Pakistan's leader says world losing Afghan war

President Zardari says more long-term help is needed, dismisses questions about his country's links to the Taliban


Paisley Dodds
August 3, 2010 6:14PM (UTC)

The U.S.-led coalition's battle against the Taliban has already been lost because of its failure to win over the Afghan people, Pakistan's president warned before talks with the British prime minister, who has accused Pakistan of exporting terrorism.

In an interview published online Tuesday by French daily Le Monde, President Asif Ali Zardari -- widow of Benazir Bhutto -- said the coalition "underestimated the situation on the ground and was not conscious of the scale of the problem" against the Taliban largely because "we have lost the battle to conquer the heart and soul" of the Afghan people.

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Zardari, who was traveling from Paris to London on Tuesday, said long-term help was needed, and military reinforcements were only a small part of the solution.

The interview was conducted in English, but Le Monde said no English-language transcript was available.

Zardari was in Europe amid growing concern that some elements in Pakistan's intelligence service and military maintain links to known terrorists. Wikileaks, the self-described online whistle-blower, recently posted leaked U.S. military documents that alleged Pakistan's unwillingness to sever its historical ties to the Taliban and deny Taliban fighters sanctuary along the border between the two nations.

He rejected Cameron's accusations about Pakistan, saying that it has sustained heavy losses in the fight against terrorism. Cameron's comments sparked protests from Pakistani officials, and prompted the summoning of the British High Commissioner in Islamabad.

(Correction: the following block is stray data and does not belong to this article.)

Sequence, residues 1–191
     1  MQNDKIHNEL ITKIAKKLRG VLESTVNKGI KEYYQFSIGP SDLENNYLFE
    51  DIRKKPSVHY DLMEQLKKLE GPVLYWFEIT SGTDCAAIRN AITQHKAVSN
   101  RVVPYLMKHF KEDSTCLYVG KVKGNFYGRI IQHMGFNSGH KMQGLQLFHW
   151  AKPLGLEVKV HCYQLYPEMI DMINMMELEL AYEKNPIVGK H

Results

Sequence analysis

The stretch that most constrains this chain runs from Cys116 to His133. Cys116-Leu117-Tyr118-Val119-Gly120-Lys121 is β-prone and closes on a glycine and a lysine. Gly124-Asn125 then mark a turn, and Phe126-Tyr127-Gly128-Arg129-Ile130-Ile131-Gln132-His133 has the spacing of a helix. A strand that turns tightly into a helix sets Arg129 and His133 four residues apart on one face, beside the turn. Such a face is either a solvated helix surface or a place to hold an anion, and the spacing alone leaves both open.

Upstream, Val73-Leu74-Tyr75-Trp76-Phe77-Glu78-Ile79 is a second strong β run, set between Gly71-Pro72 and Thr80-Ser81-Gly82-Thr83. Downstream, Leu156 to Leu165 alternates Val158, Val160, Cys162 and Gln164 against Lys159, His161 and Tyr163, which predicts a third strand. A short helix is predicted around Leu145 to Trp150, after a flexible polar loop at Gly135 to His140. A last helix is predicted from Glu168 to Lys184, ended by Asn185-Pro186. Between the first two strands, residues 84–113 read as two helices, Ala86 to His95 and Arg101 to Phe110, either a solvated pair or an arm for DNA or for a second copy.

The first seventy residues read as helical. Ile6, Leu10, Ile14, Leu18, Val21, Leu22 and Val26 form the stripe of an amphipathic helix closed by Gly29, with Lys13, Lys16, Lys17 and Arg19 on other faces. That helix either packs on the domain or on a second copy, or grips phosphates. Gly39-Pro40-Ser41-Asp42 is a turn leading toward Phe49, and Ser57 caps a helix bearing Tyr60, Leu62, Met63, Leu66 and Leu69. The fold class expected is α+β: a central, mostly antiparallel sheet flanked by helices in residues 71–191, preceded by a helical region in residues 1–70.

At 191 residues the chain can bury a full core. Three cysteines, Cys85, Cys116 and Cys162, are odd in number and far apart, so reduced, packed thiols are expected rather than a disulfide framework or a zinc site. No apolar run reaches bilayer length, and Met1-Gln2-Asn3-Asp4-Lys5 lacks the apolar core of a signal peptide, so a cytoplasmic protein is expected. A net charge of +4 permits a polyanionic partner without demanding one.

"I will look him (Cameron) in the face and say that the war on terror should bring us together and not oppose us," Zardari said of his scheduled talks with Cameron on Friday. "I will explain to him that, in my opinion, it's my country that has paid this war's highest price in terms of human lives."

In the Le Monde interview, Zardari said he would not allow Cameron's allegations to sour Pakistan's relations with Britain. The interview was in the Le Monde edition dated Wednesday, but was posted online Tuesday.

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Zardari also dismissed questions about Pakistan's links to the Taliban, and said the leaked documents alleging otherwise "are firstly about the United States' action in Afghanistan." He also distanced himself, noting the documents covered a period before his taking office.

"There are no such things as good Taliban and bad Taliban. Pakistan and its people are the victims of the terrorists," he was quoted as saying.


Paisley Dodds

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